And he knows only too well the sophisticated technology available to them and how easy it will be for them to find him. The NSA police and other law enforcement officers have twice visited his home in Hawaii and already contacted his girlfriend, though he believes that may have been prompted by his absence from work, and not because of suspicions of any connection to the leaks.

    “All my options are bad,” he said. The US could begin extradition proceedings against him, a potentially problematic, lengthy and unpredictable course for Washington. Or the Chinese government might whisk him away for questioning, viewing him as a useful source of information. Or he might end up being grabbed and bundled into a plane bound for US territory.

    “Yes, I could be rendered by the CIA. I could have people come after me. Or any of the third-party partners. They work closely with a number of other nations. Or they could pay off the Triads. Any of their agents or assets,” he said.

    “We have got a CIA station just up the road – the consulate here in Hong Kong – and I am sure they are going to be busy for the next week. And that is a concern I will live with for the rest of my life, however long that happens to be.”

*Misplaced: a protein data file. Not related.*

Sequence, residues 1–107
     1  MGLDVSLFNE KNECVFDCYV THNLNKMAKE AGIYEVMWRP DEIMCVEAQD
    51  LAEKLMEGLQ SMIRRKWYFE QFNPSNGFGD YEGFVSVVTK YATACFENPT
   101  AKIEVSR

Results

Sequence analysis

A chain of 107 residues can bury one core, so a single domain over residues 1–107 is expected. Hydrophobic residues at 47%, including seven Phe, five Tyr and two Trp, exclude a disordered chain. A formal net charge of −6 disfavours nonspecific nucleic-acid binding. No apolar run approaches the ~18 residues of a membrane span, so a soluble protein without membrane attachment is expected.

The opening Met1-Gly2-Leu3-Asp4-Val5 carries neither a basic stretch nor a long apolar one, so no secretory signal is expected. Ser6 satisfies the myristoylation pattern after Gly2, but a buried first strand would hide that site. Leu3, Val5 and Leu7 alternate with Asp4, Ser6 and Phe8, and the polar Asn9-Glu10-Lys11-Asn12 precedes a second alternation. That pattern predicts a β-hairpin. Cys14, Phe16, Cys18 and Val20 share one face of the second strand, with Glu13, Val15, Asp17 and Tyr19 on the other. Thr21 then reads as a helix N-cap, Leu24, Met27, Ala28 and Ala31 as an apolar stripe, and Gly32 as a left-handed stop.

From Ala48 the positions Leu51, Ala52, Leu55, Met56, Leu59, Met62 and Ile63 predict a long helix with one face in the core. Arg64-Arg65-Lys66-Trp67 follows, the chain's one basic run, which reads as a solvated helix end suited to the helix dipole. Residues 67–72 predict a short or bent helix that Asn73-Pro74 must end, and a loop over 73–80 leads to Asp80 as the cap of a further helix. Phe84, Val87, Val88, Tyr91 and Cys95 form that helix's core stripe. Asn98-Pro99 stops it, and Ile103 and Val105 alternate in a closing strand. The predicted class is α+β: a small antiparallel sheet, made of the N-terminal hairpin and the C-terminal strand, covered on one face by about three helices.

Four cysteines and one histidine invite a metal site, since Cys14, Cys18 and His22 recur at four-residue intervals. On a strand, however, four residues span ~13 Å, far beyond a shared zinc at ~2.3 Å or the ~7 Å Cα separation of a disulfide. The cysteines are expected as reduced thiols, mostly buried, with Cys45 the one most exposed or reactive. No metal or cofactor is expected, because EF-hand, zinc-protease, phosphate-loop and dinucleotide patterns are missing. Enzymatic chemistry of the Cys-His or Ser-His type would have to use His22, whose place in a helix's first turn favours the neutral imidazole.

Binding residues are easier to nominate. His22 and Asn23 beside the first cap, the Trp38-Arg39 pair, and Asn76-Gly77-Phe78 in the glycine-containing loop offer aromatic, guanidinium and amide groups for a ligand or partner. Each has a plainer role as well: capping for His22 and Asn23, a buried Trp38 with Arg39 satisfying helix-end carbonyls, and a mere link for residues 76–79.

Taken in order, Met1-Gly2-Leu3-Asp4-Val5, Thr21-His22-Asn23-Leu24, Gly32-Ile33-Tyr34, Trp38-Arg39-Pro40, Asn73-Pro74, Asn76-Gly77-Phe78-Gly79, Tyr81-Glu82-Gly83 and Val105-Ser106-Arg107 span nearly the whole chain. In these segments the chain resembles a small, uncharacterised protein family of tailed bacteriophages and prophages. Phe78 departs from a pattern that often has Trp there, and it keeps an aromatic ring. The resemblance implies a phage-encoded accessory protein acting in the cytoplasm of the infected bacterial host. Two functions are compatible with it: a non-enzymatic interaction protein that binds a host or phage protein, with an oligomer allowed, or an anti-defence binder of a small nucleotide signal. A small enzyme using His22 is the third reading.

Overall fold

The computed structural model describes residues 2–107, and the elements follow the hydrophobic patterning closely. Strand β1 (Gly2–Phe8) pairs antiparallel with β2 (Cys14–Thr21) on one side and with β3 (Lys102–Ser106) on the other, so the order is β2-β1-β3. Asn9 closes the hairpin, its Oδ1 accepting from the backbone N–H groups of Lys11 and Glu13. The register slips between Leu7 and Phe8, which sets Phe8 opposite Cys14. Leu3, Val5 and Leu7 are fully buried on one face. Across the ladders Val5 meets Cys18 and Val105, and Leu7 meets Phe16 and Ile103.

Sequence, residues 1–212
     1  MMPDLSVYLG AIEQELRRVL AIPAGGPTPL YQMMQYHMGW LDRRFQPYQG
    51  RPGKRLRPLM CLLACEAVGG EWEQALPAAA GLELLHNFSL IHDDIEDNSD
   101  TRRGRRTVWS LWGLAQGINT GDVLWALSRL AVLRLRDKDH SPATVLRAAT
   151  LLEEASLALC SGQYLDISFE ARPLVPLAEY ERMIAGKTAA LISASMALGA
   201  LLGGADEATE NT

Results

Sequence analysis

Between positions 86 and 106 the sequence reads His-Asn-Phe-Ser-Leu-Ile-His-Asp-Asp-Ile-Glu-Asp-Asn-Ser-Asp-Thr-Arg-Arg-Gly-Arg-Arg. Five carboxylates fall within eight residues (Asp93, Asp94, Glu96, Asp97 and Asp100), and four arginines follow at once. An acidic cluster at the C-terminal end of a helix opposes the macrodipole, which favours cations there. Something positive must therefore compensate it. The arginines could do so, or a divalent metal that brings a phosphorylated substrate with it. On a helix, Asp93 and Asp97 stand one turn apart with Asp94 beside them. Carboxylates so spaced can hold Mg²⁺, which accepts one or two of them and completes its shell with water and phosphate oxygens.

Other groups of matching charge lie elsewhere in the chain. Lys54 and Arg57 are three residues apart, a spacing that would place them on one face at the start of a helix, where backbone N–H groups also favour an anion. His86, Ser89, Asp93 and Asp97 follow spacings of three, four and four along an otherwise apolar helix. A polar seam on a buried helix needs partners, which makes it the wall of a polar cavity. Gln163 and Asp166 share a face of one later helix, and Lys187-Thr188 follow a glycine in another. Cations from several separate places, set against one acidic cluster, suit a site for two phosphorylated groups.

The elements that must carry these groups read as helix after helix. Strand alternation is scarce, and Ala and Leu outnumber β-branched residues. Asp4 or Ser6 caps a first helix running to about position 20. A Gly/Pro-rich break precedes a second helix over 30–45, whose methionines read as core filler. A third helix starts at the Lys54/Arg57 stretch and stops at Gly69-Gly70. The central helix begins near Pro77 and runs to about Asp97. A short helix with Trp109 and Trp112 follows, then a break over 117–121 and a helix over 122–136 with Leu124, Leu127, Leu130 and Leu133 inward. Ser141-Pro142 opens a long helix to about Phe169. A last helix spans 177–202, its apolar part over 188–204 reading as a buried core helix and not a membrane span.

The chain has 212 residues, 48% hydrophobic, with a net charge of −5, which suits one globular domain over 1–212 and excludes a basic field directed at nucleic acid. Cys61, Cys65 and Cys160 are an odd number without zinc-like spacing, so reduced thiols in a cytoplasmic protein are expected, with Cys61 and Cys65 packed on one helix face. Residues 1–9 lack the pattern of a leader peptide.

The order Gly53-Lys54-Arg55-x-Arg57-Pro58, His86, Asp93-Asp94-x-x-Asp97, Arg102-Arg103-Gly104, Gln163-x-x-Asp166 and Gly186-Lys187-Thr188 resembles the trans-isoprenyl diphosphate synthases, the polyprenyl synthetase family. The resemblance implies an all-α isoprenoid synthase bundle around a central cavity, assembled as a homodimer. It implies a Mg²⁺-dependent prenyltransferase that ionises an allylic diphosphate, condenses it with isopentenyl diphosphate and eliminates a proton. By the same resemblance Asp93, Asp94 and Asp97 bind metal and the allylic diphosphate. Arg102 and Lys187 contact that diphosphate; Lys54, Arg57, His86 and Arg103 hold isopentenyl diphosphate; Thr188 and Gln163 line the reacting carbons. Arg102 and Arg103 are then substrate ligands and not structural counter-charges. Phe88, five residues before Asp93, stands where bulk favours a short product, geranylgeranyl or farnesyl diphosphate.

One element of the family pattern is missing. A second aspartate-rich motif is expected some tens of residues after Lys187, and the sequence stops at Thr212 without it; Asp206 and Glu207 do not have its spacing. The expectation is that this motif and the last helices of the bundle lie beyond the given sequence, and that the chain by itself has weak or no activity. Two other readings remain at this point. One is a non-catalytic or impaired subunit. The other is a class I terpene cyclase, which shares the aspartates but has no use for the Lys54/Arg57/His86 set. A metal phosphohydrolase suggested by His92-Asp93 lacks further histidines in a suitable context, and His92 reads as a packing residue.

Having watched the Obama administration prosecute whistleblowers at a historically unprecedented rate, he fully expects the US government to attempt to use all its weight to punish him. “I am not afraid,” he said calmly, “because this is the choice I’ve made.”

    He predicts the government will launch an investigation and “say I have broken the Espionage Act and helped our enemies, but that can be used against anyone who points out how massive and invasive the system has become”.

    The only time he became emotional during the many hours of interviews was when he pondered the impact his choices would have on his family, many of whom work for the US government. “The only thing I fear is the harmful effects on my family, who I won’t be able to help any more. That’s what keeps me up at night,” he said, his eyes welling up with tears.
    ‘You can’t wait around for someone else to act’

    Snowden did not always believe the US government posed a threat to his political values. He was brought up originally in Elizabeth City, North Carolina. His family moved later to Maryland, near the NSA headquarters in Fort Meade.